EU Wants Tougher Climate Disclosure Rule as Firms Lag Behind
(Bloomberg) -- European authorities are calling for a significant expansion of climate reporting requirements after finding that businesses and banks aren’t providing the information needed to guide capital toward a carbon-neutral future.
The European Commission said the Non-Financial Reporting Directive should be expanded to include unlisted companies and proposed dropping a 500-employee threshold, according to a statement. Listed small and medium-sized companies should also be subject to the requirement, the commission said.
The proposal follows a review showing the existing directive failed to achieve the desired results. Though companies have to report both on how sustainability affects their business and how their business affects the environment, there is “ample” evidence that “the information that companies report is not sufficient,” according to the commission’s statement, which was released on Wednesday.
The recommendations come as the European Union moves a step closer to setting its first criteria for what constitutes a green investment. The EU wants to reduce 2030 emissions by at least 55% from 1990 levels. A key instrument is disclosing CO2 sinners in order to spur investment in environmentally friendly technologies.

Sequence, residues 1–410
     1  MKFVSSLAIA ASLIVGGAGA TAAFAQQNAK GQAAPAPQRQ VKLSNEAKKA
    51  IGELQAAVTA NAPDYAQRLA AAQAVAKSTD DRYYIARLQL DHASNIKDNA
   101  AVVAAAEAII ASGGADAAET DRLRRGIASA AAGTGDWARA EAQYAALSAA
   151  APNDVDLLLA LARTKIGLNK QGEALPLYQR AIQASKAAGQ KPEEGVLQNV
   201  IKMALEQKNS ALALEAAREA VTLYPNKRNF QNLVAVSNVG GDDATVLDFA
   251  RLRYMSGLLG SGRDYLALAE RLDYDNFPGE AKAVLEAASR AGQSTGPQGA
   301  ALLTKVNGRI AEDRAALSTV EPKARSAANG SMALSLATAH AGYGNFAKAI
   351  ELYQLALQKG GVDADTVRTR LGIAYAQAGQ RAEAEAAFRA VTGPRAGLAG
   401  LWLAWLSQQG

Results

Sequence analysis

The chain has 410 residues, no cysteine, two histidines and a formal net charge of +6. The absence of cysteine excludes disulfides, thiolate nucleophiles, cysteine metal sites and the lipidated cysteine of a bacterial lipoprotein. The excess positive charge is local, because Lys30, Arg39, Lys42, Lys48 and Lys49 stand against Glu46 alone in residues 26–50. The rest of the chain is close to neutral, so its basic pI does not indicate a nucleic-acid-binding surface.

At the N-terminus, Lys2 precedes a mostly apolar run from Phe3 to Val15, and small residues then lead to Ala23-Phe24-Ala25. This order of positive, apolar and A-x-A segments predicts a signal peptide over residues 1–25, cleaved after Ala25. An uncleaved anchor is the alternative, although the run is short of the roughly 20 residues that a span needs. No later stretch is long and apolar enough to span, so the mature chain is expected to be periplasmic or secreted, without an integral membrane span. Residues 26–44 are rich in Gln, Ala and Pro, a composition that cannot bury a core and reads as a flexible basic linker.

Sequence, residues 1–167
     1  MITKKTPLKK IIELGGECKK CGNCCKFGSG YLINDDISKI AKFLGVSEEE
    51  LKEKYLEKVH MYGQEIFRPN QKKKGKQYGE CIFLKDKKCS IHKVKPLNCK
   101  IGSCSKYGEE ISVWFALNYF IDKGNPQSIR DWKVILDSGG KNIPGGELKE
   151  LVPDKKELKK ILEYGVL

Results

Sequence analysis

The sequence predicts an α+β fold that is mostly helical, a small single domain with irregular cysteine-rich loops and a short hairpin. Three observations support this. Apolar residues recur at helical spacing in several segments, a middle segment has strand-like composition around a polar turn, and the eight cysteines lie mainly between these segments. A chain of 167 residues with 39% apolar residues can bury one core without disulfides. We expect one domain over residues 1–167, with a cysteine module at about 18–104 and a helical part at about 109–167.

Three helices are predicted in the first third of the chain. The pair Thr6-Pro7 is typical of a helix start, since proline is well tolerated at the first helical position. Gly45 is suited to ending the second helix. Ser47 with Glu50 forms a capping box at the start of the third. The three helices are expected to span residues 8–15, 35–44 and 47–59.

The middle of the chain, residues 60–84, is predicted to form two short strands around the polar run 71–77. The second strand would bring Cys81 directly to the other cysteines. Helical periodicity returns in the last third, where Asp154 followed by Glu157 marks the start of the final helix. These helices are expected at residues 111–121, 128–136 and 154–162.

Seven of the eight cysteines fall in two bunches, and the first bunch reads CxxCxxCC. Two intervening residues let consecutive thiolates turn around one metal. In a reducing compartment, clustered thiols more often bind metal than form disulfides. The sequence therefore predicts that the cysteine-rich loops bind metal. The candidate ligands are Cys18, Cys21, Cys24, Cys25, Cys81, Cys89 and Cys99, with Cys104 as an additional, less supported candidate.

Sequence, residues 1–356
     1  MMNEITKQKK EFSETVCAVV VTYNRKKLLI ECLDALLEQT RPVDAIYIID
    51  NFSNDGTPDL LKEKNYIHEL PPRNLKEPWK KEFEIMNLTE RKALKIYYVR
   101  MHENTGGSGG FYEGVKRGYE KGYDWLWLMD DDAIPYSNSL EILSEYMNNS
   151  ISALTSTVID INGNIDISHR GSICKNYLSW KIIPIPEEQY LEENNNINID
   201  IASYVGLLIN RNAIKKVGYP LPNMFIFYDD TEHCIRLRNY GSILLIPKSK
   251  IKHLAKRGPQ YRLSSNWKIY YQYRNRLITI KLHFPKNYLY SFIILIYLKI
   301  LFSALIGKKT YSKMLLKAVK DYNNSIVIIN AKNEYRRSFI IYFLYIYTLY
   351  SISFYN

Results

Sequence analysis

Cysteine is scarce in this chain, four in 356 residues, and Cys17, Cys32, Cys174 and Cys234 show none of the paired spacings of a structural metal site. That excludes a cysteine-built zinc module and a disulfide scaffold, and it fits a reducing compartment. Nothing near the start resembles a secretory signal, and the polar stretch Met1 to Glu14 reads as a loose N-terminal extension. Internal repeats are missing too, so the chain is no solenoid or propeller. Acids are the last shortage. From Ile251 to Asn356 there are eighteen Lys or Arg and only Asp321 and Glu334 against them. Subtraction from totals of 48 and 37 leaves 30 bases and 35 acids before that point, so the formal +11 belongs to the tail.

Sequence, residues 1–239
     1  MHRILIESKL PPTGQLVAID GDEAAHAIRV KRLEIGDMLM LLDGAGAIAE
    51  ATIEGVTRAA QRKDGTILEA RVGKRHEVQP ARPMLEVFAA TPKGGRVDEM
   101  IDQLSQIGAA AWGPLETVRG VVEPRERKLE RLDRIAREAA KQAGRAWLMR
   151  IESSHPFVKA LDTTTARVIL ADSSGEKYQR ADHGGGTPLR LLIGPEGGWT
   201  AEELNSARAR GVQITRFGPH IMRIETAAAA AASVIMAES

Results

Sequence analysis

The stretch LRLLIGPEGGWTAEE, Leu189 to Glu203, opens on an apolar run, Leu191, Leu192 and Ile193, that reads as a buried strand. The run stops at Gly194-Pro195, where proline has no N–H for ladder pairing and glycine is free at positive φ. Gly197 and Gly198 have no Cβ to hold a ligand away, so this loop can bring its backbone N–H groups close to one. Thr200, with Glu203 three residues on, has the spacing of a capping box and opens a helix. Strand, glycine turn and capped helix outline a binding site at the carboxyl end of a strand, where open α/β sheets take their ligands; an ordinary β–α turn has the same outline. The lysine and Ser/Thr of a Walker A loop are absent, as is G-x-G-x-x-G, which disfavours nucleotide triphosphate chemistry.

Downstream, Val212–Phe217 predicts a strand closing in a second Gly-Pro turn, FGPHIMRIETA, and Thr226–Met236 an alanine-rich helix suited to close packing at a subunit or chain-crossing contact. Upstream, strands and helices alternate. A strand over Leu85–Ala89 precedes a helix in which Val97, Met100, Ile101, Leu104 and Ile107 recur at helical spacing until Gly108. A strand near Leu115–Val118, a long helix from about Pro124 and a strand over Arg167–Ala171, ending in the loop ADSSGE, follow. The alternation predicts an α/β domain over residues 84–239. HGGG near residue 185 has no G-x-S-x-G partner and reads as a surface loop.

But the commission said the information that companies and the financial industry provide is full of holes that make it difficult for investors to compare businesses, and that leave users “often unsure” whether the information can be trusted.
Under the proposal, an advisory group would draft new standards. A mandatory audit requirement would be incorporated, to ensure that information “is accurate and reliable.” If approved by EU lawmakers, the new disclosure package would mean companies would need to start reporting under the new framework in 2024.
The Association for Financial Markets in European said the proposal is a much-needed step toward consistent reporting. The industry group for banks, brokers and investors urged the commission, however, to coordinate its implementation with other climate measures in the EU and abroad.
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